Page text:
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Old October 8th, 2014, 02:08 AM   #1
Buffaboy
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Question Cities vs. towns vs. townships

One thing about certain regions in the U.S. is that these regions contain either more cities than towns, or more towns than cities.

So as an example, I observed this with the Buffalo-Niagara region and the Greater Cleveland region. Right off the bat I already knew the Buffalo area had many more towns than cities, and a complete list is given on Wikipedia: https://en.wikipedia.org/wiki/Buffal...an_area#Cities. From there you can see there are 7 cities and 37 towns.

In Cleveland however it is almost the opposite. In Cuyahoga County, there are 38 cities and 3 towns. The trend isn't exactly followed in Lake County, Geauga County or Medina County, but Lorain County seems to have almost a 1:2 ratio of municipalities defined as "cities" to municipalities defined as "townships." https://en.wikipedia.org/wiki/Greate...C_and_villages

Therefore, the question resulting from this is what exactly is a "city," and what is a "town" or "township?"

When we look at population, random cities in the Cleveland area such as Brook Park, have a population of only 20,000 residents. North Olmstead, a busy commercial area from what I recall, has a population of 32,000 residents.

Switching to Buffalo, the largest town in the area is the town of Amherst, with 122,000 residents.

Another large town, Hamburg, has a population of almost 60,000 residents, but it is classified as a "town."

Here is the definition of a city, according to Webster's dictionary:

city noun, often attributive \ˈsi-tē\
: a place where people live that is larger or more important than a town
: an area where many people live and work

So if a city is "larger or more important than a town," then why are large towns that should be cities often classified as towns while small cities that should be towns are often classified as "cities?"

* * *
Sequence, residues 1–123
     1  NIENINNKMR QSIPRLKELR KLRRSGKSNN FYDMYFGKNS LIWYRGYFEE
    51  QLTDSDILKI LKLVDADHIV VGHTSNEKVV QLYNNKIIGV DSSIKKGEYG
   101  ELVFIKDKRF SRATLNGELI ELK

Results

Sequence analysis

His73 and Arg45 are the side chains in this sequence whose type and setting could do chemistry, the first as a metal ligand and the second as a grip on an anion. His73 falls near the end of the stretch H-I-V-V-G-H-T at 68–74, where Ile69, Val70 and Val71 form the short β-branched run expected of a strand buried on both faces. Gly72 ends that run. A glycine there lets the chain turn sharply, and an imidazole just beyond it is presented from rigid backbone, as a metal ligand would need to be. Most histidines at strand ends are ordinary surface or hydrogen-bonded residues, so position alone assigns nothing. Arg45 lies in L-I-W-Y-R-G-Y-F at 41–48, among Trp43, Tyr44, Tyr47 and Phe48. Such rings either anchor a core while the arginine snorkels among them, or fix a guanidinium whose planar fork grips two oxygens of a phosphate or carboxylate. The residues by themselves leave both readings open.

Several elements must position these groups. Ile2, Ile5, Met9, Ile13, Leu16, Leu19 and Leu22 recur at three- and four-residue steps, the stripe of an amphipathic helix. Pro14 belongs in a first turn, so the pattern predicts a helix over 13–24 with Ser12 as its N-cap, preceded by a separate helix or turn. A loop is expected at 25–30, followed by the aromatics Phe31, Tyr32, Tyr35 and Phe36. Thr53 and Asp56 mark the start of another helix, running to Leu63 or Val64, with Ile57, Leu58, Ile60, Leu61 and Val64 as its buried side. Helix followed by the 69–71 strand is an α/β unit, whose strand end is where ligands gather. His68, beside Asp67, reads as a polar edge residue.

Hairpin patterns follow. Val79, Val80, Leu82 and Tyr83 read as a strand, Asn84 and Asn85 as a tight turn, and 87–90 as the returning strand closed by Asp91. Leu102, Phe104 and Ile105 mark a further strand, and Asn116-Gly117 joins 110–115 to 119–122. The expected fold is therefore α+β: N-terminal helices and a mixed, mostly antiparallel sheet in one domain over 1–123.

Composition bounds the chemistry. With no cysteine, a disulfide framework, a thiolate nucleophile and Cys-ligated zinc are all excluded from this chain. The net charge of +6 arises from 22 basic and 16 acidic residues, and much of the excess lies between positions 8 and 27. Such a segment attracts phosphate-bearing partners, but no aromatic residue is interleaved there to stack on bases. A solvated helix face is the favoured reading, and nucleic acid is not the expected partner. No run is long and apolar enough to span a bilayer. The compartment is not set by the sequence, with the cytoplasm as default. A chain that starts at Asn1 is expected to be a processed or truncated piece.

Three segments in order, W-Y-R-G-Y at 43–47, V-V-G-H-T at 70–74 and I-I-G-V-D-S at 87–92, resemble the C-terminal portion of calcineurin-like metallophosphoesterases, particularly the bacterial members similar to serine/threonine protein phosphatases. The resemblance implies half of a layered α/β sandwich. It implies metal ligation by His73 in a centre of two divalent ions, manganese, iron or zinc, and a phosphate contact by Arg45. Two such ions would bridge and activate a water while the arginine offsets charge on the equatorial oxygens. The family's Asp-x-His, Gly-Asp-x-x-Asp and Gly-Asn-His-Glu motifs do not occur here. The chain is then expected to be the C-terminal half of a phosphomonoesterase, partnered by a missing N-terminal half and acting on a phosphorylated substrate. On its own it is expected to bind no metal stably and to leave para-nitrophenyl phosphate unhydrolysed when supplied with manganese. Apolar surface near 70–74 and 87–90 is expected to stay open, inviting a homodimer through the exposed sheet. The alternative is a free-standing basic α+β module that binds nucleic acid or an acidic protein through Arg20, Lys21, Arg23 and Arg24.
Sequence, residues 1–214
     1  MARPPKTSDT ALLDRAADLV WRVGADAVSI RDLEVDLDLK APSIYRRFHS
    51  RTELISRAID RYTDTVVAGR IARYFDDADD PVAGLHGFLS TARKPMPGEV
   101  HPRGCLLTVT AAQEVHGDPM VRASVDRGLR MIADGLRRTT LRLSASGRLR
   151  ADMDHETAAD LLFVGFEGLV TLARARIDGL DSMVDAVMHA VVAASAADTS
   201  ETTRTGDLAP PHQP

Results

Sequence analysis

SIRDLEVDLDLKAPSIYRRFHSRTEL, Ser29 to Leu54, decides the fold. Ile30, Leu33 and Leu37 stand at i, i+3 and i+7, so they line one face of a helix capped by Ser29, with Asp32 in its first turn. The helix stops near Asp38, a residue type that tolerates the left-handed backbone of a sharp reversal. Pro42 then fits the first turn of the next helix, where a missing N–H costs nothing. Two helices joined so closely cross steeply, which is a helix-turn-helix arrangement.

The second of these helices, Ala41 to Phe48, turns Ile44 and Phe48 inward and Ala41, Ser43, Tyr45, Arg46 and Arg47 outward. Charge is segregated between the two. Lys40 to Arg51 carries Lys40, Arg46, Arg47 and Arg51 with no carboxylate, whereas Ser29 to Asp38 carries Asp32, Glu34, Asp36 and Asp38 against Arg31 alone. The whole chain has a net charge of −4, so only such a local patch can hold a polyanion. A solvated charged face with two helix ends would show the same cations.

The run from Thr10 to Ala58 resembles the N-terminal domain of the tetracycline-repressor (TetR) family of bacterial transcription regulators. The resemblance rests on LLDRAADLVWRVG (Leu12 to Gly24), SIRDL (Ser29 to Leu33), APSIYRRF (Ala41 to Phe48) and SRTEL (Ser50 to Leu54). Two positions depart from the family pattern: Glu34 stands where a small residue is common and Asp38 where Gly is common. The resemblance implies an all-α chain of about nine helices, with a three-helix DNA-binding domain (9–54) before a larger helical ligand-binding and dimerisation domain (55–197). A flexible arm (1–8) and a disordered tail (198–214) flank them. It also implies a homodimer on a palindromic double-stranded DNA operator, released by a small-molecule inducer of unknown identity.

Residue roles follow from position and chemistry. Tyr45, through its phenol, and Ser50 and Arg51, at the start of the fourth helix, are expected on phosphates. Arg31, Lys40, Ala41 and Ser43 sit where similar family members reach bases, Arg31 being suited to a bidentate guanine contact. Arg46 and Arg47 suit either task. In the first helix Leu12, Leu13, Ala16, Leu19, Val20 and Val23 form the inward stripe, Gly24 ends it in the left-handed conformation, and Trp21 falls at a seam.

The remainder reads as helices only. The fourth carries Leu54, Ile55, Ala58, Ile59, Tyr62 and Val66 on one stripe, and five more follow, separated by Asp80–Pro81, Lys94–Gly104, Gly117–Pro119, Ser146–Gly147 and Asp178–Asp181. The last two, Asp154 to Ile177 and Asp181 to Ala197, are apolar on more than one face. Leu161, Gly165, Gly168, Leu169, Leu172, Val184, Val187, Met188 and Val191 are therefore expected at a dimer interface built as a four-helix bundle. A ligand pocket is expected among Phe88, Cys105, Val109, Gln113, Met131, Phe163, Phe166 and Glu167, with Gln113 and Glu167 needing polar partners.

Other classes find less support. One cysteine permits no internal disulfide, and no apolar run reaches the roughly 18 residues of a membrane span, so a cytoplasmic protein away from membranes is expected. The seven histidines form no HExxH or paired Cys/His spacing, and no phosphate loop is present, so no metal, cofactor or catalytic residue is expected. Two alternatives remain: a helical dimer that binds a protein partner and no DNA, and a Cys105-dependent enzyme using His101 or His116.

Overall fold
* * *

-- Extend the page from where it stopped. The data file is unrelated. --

EDIT: One of my favorite Buffalo comparisons, Nashville, has a similar setup to Cleveland even though the metro area is somewhat similar to Buffalo in terms of size.

Edit 2: Another close comparison, Tulsa, shares the same setup as Cleveland and Nashville. I've yet to see a setup like Buffalo's. https://en.wikipedia.org/wiki/Tulsa_...Largest_Cities
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Last edited by Buffaboy; October 8th, 2014 at 02:21 AM.
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Old October 8th, 2014, 03:30 AM   #2
Otto Racecar
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My understanding is that in Ohio the designation works like this:

Town is just an informal name for a village or city. As an example: My hometown is Columbus or Granville is a great town.

A city in ohio must have 5,000 or more residents within the city limits.

A village has less then 5,000 residents but must have at least 1,600 in population. While this is the current minimum,villages that were incorporated prior to the law still remain designated as villages. If a village reaches 5,000 or more in population their designation changes to that of a city and vice versa.

Townships in Ohio are unincorporated areas with residents located within their boundaries. Often times they are located in rural or suburban areas of the state. In ohio the township's jurisdiction dissolves if it becomes completely encompassed by a village or city.If it is only partially encompassed then it still functions along with the village or city. You often see joint fire departments in small towns or agreements that the township fire department will take care of the village issues or vice versa for a fee. There are certain townships that have been completely encompassed and remain in name only. It sometimes works as a way to designate local representation for different areas of a village or city.

It should be noted that these designations effect state funding as well as other issues such as collective bargaining. Hopefully this helps.
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Old October 8th, 2014, 04:15 AM   #3
xzmattzx
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Townships (called Towns in New York, and maybe elsewhere) are subsections of county government. They are kind of like the counties of counties, like how counties subdivide states. It's the next level down from county. Cities and villages (boroughs in Pennsylvania, maybe elsewhere) are incorporated, which is slightly different than townships.